Every October a small farm in Eastern Missouri comes alive with vintage farm and barnyard activities reminiscent of a bygone era in the Ozark Hills. Eight years ago, what started as a small pumpkin patch and horse drawn hay rides has evolved to a unique demonstration of vintage farm and barnyard equipment common on the 19th and early 20th century small farm. Thanks to a small group of family and friends, the collection of vintage equipment is operated with our farm animals on weekends in October to the delight and amazement of many people.
First you must decide what size of building you want, 28 – 48 feet wide and a length that is in 6 foot increments. The rafters are placed on 6 foot centers, with 2” x 4” purlins and steel siding/roofing. Let’s work with a forty foot wide foundation, easy to figure. The rafters are built out of 8 foot 1” x 8” boards. The number of 1x8s can be figured out by using the circumference. For a 40 foot wide building, figure a 40 foot diameter circle, which is 125.6 feet in circumference. Half of this circle would give you one layer of a rafter. So about 63 feet of 1×8 multiplied by 4 (because each rafter is composed of 4 layers). Each rafter then would use thirty-two 8 foot 1x8s. The end rafters really only need three layers.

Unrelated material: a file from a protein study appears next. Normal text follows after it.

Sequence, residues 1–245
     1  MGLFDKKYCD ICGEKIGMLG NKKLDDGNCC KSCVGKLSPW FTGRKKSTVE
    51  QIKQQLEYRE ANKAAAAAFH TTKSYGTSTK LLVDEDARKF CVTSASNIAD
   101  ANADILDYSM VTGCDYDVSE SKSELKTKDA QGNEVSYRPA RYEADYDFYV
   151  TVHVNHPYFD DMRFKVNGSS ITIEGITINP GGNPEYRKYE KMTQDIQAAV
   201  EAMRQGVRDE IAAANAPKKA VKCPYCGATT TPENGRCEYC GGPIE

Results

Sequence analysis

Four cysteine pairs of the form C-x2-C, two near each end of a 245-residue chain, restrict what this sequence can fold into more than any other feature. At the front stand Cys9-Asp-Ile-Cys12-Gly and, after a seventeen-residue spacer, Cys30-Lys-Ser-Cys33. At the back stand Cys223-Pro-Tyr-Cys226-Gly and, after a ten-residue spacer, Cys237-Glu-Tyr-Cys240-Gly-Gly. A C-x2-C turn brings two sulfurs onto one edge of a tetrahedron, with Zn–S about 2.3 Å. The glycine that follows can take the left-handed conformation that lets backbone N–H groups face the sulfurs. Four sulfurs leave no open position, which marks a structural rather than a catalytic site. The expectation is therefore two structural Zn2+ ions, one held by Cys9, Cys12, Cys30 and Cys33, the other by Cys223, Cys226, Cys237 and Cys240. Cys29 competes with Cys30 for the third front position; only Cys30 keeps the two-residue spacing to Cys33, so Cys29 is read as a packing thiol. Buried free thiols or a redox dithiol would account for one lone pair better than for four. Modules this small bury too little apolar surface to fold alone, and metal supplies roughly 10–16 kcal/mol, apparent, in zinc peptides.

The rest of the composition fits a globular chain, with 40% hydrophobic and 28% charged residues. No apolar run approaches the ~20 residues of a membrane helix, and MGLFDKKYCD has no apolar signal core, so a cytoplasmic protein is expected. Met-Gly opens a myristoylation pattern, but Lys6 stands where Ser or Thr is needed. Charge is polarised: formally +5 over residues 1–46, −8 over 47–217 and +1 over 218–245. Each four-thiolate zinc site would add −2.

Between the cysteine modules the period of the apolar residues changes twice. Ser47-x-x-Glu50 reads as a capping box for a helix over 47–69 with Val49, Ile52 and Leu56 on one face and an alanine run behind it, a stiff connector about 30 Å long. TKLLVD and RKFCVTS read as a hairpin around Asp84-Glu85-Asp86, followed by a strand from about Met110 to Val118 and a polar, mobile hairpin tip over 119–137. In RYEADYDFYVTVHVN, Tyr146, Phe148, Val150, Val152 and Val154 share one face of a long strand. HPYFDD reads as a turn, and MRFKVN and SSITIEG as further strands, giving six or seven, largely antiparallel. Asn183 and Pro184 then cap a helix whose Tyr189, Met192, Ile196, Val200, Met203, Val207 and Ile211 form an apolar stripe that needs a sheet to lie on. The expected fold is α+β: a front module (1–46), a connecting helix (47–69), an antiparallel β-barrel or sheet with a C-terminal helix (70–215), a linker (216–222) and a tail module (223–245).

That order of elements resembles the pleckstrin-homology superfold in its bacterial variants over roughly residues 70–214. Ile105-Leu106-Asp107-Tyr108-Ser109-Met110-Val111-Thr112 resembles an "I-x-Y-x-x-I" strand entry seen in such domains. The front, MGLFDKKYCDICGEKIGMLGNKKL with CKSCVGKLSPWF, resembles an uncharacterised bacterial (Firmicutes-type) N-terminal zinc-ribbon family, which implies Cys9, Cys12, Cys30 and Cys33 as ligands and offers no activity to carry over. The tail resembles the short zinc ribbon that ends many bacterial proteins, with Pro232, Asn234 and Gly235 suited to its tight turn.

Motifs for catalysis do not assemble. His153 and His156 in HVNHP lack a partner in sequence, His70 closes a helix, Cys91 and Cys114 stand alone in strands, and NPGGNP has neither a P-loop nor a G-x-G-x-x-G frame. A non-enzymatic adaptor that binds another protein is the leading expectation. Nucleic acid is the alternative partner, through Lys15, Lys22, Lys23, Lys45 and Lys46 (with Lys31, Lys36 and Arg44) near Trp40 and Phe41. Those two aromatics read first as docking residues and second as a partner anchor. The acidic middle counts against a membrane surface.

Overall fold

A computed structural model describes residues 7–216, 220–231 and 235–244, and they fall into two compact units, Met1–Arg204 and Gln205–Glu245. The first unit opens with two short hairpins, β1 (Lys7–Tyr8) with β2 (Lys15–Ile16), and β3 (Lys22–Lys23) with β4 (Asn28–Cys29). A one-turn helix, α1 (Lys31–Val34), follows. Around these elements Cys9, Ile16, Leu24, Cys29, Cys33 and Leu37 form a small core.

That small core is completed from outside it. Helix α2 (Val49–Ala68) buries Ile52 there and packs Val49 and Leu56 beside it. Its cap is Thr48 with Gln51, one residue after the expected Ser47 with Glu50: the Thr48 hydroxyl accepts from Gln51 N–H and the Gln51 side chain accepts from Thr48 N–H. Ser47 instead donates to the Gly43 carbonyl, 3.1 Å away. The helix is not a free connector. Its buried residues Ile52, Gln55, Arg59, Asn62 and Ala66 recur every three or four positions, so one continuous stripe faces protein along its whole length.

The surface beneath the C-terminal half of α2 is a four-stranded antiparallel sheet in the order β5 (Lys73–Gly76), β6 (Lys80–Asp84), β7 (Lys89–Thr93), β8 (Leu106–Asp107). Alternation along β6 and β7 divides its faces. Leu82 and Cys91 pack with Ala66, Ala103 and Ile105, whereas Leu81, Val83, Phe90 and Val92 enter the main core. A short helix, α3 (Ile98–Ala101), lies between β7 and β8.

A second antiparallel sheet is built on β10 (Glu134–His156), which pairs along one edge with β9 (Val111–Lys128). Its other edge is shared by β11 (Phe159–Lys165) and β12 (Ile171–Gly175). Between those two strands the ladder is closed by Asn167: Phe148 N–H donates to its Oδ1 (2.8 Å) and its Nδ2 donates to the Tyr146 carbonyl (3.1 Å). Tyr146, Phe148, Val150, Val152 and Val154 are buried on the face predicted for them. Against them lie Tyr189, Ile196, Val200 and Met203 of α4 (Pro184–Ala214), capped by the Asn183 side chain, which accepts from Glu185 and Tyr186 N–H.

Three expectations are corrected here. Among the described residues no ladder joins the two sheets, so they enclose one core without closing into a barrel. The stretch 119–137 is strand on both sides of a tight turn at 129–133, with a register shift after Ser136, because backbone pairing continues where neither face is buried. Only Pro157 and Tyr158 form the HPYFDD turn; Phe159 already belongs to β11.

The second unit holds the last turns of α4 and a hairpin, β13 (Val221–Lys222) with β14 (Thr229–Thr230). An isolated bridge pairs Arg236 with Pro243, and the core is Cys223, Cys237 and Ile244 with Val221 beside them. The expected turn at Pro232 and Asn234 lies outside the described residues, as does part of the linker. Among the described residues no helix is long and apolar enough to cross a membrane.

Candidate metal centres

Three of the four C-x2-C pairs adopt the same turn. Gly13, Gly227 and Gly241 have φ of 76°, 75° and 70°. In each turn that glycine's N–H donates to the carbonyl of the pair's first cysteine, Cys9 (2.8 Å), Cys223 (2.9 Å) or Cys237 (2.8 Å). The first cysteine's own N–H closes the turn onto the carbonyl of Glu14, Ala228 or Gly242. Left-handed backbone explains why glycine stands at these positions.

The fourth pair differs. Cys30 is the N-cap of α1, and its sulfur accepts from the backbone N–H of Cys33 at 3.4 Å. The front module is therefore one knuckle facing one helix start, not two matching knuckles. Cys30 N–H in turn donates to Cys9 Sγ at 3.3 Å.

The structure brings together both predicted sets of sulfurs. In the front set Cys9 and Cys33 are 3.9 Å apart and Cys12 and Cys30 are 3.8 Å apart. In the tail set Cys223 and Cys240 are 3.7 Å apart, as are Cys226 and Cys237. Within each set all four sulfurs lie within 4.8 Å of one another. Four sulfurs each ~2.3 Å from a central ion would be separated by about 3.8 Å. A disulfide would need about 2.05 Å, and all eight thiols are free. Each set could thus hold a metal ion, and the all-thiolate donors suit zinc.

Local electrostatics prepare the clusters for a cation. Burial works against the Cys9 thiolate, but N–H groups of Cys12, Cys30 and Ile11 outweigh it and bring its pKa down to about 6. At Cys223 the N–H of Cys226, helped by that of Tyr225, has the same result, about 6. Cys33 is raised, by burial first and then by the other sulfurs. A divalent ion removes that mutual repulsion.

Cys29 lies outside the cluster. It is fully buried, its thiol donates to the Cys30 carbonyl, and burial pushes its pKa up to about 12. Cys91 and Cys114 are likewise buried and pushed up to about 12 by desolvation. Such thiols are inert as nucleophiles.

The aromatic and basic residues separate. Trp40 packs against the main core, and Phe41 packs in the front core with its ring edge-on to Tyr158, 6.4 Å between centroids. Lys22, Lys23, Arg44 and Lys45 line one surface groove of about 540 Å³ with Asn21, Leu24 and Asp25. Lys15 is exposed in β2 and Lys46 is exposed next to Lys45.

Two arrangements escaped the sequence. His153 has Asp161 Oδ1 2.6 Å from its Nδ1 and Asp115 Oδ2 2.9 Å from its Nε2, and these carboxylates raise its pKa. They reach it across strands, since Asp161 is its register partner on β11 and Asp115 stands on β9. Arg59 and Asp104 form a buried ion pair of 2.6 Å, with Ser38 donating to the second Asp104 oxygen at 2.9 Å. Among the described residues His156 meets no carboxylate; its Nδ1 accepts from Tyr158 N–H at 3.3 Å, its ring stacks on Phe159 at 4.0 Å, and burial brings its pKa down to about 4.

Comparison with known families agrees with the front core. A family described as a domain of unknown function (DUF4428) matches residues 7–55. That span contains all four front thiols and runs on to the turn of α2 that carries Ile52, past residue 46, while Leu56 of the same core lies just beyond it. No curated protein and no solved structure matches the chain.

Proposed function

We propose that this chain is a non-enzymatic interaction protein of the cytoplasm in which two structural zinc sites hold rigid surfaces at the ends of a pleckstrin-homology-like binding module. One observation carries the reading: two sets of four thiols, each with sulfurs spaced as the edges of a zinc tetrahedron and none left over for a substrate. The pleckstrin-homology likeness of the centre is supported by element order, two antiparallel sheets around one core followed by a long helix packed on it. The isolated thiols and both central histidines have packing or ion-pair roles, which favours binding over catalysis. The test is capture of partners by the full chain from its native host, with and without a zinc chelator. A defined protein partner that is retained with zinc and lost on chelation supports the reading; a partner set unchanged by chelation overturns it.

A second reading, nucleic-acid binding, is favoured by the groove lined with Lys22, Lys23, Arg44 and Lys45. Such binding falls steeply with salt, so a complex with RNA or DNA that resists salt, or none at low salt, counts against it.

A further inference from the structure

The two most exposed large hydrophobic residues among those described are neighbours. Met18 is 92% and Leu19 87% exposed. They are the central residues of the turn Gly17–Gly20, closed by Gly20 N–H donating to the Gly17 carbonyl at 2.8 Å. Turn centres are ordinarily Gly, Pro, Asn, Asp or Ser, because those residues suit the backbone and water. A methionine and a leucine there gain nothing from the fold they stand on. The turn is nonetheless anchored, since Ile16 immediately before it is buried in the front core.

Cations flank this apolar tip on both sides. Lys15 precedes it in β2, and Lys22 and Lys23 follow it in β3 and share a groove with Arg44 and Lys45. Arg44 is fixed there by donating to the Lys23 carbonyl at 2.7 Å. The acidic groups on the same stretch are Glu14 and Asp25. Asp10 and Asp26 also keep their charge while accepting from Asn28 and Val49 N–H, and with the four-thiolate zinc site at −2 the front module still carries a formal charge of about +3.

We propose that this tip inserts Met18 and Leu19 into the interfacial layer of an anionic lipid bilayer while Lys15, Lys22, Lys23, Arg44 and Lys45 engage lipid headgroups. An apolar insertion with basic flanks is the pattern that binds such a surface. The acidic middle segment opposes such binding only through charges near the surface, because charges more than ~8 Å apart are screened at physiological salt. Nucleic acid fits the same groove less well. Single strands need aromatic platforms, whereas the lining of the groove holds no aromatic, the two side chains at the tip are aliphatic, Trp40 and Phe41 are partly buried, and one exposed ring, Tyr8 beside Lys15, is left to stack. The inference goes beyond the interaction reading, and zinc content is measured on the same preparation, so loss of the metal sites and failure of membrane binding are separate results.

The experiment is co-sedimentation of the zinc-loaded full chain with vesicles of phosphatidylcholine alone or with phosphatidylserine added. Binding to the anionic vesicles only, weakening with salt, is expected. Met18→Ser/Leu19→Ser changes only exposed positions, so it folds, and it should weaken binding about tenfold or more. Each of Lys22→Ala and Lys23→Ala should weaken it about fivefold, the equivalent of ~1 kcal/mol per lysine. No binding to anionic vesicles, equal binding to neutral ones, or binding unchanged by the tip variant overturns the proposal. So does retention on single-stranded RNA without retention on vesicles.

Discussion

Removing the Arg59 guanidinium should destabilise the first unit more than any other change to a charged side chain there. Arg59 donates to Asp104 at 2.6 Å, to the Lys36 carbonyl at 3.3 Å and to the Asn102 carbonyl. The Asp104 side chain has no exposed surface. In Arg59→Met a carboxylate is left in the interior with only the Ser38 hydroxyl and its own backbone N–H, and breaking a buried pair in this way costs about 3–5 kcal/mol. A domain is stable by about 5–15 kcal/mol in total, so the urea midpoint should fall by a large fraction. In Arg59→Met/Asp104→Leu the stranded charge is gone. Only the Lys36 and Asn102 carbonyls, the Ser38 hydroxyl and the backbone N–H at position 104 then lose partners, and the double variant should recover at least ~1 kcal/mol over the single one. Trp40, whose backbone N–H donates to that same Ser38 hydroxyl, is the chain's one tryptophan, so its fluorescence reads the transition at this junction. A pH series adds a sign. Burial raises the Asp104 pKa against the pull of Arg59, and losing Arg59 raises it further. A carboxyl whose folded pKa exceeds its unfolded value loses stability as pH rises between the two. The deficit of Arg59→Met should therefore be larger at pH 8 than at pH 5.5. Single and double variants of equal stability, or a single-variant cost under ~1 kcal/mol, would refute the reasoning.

One day, a couple winters ago, Khoke was in a hurry at feeding time and tried his hand at the hay knife again. Soon reminded of his previous dissatisfaction, he reached for his limbing ax that he happened to have with him. Still shiny from a sharpening, this ax benefited from the density of the round bale and worked well to open it up. It has become Khoke’s standard bale opening method.
Last issue Ida Livingston talked about her discovery that sweet potatoes were exceptional feed for laying hens, year round. That led me to wondering how we might have the tubers for 12 months, so I looked up this building plan in our archives. With what chicken feed costs and what eggs WILL be worth in the coming years, a building such as this might be better than the cat’s meow.